However, be aware that the requirements for income which will allow you to stay in Spain are a lot stricter than they were until the end of last year.

Visiting Spain

As a tourist, you can enter to Spain for a period of 90 days within 180 days. When crossing borders you will be requested at least NIE certificates, travel tickets (incoming and return), and with the current covid restrictions maybe justification of why you are travelling to Spain.

After 90 days, if you are stopped by the police, you are living here and you don’t have a residency card, the police can launch the procedure for deportation. This means that if you were already here on January 1 this year, the 90-day period is already up.

If you want to live in Spain

British citizens who are not currently in Spain and wish to move here must start a different process and can obtain the residency card even if they are not yet in Spain.

They will need to apply for a visa at the Spanish Consulate in England (London or Manchester), and this is a slightly more involved process but it’s not difficult to achieve.

Mixed views

Amidst all the concern, and reports of thousands of Brits having to leave Spain, the UK government has said that the rights of UK nationals to continue to live, work and study in Spain are protected by law.

Some former residents are claiming to feel unwanted and have gone so far as to promote a boycott on Spain and anything Spanish. Meanwhile, other Brits living in Spain have responded to them by saying that it is their own fault, as they have had months to legalise their situation. Many people seem to have been under the false impression that because they are British they couldn’t or wouldn’t be deported, but are now coming to understand that they do not have special status.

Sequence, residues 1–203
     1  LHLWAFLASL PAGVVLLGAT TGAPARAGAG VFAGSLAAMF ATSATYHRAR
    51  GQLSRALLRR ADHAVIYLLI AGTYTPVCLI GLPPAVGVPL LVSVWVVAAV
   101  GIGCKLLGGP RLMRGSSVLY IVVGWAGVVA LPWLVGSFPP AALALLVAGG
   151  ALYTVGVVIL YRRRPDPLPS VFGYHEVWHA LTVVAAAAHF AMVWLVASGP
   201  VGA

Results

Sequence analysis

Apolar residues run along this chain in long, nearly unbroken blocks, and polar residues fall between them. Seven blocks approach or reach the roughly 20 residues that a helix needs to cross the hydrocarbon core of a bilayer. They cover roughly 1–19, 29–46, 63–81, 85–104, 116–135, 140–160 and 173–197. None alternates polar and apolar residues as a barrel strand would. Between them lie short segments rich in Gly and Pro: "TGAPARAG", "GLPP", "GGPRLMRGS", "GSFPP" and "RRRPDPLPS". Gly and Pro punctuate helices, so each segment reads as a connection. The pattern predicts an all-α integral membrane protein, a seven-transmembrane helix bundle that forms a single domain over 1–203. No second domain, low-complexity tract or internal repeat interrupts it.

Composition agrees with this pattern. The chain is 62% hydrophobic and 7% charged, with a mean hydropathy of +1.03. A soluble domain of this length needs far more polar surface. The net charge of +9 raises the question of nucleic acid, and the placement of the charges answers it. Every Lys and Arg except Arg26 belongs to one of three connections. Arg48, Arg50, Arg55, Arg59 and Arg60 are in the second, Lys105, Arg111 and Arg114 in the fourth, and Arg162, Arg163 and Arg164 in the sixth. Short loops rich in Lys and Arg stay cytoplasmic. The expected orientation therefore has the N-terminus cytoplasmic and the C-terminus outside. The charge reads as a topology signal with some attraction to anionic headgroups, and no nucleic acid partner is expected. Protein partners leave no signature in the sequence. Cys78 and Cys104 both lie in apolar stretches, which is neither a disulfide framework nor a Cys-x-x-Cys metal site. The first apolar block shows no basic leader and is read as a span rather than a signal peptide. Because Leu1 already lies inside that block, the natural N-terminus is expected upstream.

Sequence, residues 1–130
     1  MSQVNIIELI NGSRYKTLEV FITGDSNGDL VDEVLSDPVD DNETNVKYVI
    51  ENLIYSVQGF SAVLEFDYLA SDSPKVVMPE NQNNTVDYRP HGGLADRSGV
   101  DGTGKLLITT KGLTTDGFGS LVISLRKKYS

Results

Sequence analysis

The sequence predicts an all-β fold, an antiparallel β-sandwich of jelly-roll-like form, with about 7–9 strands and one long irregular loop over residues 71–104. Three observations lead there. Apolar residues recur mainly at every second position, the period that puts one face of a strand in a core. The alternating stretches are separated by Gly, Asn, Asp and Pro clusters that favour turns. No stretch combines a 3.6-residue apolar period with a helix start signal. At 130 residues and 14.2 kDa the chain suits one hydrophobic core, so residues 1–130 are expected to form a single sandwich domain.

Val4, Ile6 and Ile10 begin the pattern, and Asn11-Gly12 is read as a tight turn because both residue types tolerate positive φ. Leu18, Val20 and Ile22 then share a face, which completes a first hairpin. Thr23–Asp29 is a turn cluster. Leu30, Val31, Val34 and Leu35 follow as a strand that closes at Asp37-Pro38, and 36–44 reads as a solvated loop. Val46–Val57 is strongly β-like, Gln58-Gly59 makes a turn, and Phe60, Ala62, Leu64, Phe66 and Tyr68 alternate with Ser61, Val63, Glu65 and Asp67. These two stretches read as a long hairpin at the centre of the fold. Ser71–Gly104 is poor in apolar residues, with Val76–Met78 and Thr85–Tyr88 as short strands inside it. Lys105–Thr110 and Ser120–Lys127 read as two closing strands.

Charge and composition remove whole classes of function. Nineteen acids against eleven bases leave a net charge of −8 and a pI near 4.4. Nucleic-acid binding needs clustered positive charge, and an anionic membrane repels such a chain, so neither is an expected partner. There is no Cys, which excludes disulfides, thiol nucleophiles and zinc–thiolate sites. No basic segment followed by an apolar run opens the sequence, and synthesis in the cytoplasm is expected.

Other Brits who have always lived in Spain legally and paid their dues are glad to see Spain now cracking down on those who they consider to have been playing the system for years and living under the radar. But the question remains, will Spain have to back down on certain measures if they find many Brits who were essential to the economy are leaving, or will the new incoming residents, of a different age, increased income and who will now be obliged to pay taxes, turn the situation around?


The Euro Weekly News is running a campaign to help reunite Brits in Spain with their family and friends by capping the costs of PCR tests for travel.

Please help us urge the government to cap costs by clicking here

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Written by

Jennifer Leighfield

Jennifer Leighfield, born in Salisbury, UK; resident in Malaga, Spain since 1989. Degree in Translation and Interpreting in Spanish, French and English from Malaga University (2005), specialising in Crime, Forensic Medicine and Genetics. Published translations include three books by Richard Handscombe. Worked with Euro Weekly News since November 2006. Well-travelled throughout Spain and the rest of the world, fan of Harry Potter and most things ‘geek’.